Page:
Irregular Gestational Sac

Reviewed by Dr. Temeka Zore OB/GYN, REICheckmark
Published: July 29, 2017

What Does Irregular Gestational Sac Mean?

An irregular gestational sac is the sac of fluid in which an embryo develops in very early pregnancy that has irregular or ill-defined borders in comparison to a normal gestational sac.

Gestational sacs can vary in shape to a certain degree, but an irregular gestational sac is usually a cause for concern as they are predictors of poor pregnancy outcomes.

Ultrasounds that show irregular gestational sacs are normally followed up by further ultrasounds or other imaging to confirm the diagnosis and determine the risk of miscarriage.

FertilitySmarts Explains Irregular Gestational Sac

In early pregnancy, three structures can be visualized on a transvaginal ultrasound including the fetal pole/embryo that becomes the fetus, the yolk sac that nourishes embryo, and the gestational sac that encloses the embryo and yolk sac.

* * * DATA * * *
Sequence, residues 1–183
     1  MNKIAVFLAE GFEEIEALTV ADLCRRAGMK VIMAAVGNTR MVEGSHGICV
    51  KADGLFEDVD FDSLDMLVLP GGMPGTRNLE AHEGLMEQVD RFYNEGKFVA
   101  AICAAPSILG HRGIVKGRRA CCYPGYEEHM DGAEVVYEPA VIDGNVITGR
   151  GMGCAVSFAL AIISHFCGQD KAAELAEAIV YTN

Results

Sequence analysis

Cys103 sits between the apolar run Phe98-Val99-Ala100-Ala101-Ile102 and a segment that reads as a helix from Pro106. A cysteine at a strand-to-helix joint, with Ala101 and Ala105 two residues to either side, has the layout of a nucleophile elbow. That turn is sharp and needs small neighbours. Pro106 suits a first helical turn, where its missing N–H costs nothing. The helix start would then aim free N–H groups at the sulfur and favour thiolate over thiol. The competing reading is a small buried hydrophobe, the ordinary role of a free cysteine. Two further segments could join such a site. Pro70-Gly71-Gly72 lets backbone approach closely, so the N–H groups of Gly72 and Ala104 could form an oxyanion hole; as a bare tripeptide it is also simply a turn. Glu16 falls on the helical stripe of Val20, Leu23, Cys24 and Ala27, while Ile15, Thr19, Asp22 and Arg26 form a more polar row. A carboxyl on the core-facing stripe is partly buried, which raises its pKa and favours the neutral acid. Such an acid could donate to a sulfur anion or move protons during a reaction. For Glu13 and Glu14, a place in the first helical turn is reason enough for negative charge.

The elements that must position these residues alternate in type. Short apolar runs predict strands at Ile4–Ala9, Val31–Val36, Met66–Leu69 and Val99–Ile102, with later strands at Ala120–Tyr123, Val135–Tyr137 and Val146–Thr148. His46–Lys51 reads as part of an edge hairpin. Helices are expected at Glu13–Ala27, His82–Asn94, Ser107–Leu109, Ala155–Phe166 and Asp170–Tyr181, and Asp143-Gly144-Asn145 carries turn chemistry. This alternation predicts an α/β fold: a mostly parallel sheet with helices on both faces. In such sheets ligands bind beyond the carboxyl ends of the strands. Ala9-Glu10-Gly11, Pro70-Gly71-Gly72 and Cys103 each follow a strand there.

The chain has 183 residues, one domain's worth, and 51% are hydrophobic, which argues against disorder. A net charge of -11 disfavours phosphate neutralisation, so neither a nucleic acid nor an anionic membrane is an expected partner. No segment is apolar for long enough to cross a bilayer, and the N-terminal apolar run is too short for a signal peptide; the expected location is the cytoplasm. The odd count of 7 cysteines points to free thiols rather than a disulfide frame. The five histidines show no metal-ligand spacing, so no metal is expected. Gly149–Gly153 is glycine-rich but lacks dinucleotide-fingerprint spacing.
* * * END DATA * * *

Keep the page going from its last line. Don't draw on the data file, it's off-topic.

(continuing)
These three structures can provide information regarding how the pregnancy is progressing.

A gestational sac is the first structure visible on ultrasound imaging as early as 4.5 weeks. When a gestational sac is visualized it can:

  • Be measured with a calculation called the mean sac diameter (MSD) to assess the development and estimate the gestational age.
  • Provide additional information about how the pregnancy is progressing based on the shape of the structure.

The appearance of a normal gestational sac:

  • Is round or elliptical
  • Is located in the upper body of the uterus called the fundus
  • Contains a smaller sac called the yolk sac
  • Contains the amniotic sac (which will eventually take up the entire sac)

The appearance of an irregular gestational sac:

  • Is generally larger than usual
  • Has a position low in the uterus
  • Has no embryo or yolk sac inside (with aMSD of 25 mm)
  • Has a distorted shape
  • Has thin walls

A gestational sac with one or more of these features may indicate that the pregnancy is not viable with the potential to end in spontaneous miscarriage.

Additional Concerning Factors

Additional factors associated with poor prognosis at this early stage of pregnancy include:

  • Discrepancy between the age and size (MSD) of the embryo.
  • Abnormal fetal heart rate. Around 6 weeks gestational age, a typical fetal heart rate is 100-120 beats per minute (BPM).

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